With the Android SDK it really couldn’t be simpler to perform tests once I got started, really it couldn’t be easier to do live debugging on Windows, Mac and Linux; a great SDK from Google.  Once you get into the flow of debugging, coding and testing it’s all good.

My advice, as always, is to think about functionality that you’d like to add and go for it.  There are lots of docs out there, and alot of helpful code available for hacking something together.


After playing with PhoneGap and testing out my changes/addition, I decided to put the framework to the test and build an application.  The first API test was for the Android Camera, and I’m calling it FlashCam.

With FlashCam I have created a simple stub application that contains a WebView, much like the previous blog post.  This WebView pulls down an HTML page that’s actually on my blog here, and instantiates the native code and applies the javascript interfaces.  So you heard that right, I’m able to extend functionality to a live webpage and not just a static local page.

HTML Integration

Embedded in the example HTML file from PhoneGap is a JavaScript function called show_pic().  It simply wraps up another function inside the phonegap.js that is also referenced in the HTML file.  If this function succeeds then dump_pic() is called, if not then the function fail() is called.

The code under getPicture() is really quite complex and beyond the scope of this post, but you can see it here.  Essentially it calls a native function called takePicture() written in Java, and this launches a new Activity (like a Window) with the camera’s viewfinder surface.

function show_pic(){
//Note: This could be simplified, but it's abstracted for safety
   navigator.camera.getPicture(dump_pic, fail, { quality: 50 });

When the photo is taken we call dump_pic() and it will contain the Base64 encoded JPEG image data from the camera.  Then, all we need to do is return this to Flash in a callback and in this case “mySWF”, which is the name of the SWFObject embedded in the HTML file.

function dump_pic(data){

In the running SWF file we have a SimpleButton that can call the show_pic() function, but first we need to add a callback which is analogous to an event listener.  In Javascript we call photoBytes(image_data), and once the ExternalInterface receives this event it will call onReceivedPhoto(image_data):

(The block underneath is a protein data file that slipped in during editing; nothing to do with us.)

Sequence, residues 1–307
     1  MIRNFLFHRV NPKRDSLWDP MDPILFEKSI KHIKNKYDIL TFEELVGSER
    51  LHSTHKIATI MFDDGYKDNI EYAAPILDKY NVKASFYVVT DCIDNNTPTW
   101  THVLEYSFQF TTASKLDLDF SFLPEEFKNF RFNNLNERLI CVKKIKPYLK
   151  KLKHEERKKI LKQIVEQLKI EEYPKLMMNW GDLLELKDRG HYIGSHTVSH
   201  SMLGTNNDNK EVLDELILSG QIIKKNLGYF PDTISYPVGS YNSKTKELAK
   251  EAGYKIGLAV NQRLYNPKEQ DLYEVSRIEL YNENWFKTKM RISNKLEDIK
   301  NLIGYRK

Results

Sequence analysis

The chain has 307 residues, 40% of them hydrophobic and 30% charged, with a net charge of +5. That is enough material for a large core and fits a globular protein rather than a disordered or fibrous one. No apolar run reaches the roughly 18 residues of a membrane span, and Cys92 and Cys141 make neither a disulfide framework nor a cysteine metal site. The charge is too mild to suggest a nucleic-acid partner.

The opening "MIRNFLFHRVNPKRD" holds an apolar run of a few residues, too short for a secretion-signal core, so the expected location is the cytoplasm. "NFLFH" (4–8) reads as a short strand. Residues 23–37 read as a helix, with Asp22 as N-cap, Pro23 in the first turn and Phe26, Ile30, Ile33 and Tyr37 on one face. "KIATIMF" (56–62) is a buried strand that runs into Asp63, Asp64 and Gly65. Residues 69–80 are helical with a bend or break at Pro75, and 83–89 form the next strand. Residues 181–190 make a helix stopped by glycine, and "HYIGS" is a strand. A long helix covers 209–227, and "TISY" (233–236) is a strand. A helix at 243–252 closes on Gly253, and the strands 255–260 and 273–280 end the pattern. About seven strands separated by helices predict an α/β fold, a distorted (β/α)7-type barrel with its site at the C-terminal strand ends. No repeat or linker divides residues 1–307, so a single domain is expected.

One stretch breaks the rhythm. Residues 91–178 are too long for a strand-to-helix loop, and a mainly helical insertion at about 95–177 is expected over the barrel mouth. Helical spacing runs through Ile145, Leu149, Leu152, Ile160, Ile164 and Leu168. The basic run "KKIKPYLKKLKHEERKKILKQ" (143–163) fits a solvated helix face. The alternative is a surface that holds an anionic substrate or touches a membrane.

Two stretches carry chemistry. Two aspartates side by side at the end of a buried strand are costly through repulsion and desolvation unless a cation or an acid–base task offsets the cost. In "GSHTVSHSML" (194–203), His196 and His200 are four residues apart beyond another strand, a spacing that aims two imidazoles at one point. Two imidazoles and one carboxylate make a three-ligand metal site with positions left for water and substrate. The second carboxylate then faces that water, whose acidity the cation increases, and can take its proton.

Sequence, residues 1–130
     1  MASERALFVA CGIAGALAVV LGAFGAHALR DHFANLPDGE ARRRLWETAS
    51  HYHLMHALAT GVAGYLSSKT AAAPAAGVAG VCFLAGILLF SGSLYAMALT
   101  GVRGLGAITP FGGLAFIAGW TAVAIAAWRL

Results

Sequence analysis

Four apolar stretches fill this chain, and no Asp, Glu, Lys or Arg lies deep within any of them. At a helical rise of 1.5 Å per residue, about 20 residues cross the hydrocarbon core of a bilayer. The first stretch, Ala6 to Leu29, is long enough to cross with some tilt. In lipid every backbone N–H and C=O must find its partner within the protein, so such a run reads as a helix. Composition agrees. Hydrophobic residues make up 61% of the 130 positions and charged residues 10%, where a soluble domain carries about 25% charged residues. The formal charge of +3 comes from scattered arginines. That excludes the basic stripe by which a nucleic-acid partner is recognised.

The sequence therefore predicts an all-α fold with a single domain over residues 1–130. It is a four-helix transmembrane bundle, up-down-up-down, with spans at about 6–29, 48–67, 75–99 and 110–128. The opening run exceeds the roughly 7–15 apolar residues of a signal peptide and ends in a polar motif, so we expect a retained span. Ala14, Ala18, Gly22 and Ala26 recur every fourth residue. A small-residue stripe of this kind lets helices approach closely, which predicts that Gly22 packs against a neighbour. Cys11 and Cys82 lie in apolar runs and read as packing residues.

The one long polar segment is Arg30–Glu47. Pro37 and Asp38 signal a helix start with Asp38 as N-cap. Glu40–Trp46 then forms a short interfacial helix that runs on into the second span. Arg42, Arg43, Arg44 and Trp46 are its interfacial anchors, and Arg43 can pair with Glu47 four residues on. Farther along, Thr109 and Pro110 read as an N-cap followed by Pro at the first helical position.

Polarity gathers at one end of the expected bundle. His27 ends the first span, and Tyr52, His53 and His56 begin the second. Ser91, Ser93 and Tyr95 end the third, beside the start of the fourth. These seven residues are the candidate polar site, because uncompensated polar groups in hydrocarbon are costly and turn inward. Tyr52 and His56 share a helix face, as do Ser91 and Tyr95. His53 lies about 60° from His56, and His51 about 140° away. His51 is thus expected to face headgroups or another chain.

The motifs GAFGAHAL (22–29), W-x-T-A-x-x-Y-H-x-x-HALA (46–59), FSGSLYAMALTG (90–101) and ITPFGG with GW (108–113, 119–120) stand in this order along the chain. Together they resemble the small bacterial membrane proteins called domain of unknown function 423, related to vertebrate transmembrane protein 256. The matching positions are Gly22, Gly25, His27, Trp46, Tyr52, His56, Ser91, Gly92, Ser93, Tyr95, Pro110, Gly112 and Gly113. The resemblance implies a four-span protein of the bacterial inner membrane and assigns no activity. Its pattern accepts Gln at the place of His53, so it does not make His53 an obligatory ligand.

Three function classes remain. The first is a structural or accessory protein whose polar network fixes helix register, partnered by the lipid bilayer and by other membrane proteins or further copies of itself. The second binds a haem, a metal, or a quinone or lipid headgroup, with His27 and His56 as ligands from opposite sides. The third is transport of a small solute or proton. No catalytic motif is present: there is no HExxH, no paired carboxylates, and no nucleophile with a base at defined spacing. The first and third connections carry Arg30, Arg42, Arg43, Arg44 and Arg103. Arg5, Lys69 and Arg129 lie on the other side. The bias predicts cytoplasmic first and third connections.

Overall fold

public function fl_MouseClickHandler(event:MouseEvent):void{
  ExternalInterface.addCallback("photoBytes", onReceivedPhoto);

Here in the onReceivedPhoto function we decode the Base64 encoded image_data, which is just a very large string containing the image.  I’m using the Base64 classes provided here by Jean-Philippe Auclair, and merely getting the ByteArray.  I can then use Loader to take these bytes and produce BitmapData and do a little scaling in the imageLoaded handler before adding it to the stage within the holder_mc.

public function onReceivedPhoto(image_data):void {
  var bytes:ByteArray =  Base64.decode(image_data);
  imageLoader = new Loader();
  imageLoader.contentLoaderInfo.addEventListener(Event.COMPLETE,  imageLoaded);

private function imageLoaded(e:Event):void {

var image:Bitmap = Bitmap(imageLoader.content);
var tmpdata = new BitmapData(320, 260);

var matrix = new Matrix();
matrix.scale( 320 / image.width, 260 / image.height );

tmpdata.draw( image.bitmapData, matrix, null, null, null, true ); // smoothing
image.bitmapData = tmpdata;

Here is FlashCam in action…

So that’s it, it’s really that simple to hook up native code to Flash Player 10.1.  I suspect that this will also be possible on Palm’s WebOS, Symbian and Windows Mobile in time.  I’m also loosely aware of a better bridge to JavaScript in Flash Player 10.1, so this might be a source of further investigation to improve performance for large data sets.

Now it’s your turn, below are the sources that I’ve used from PhoneGap with my own additions.  You can also find the Flash FLA and AS files below, note that you will need at least Flash Professional CS4 to open the FLA.



  • You cannot keep the SWF file within the stub package, they must be in the remote sandbox.
  • Flash Player security does not allow for localWithTrusted access to local Javascript.
  • Proportional scaling of images is a pain in the ass in Flash, I’d like to hear about any libraries for that.
  • I found CameraForm useful for producing encoded image data for testing; impossible with HTML5

Show Comments

Hide Comments

Comments are closed.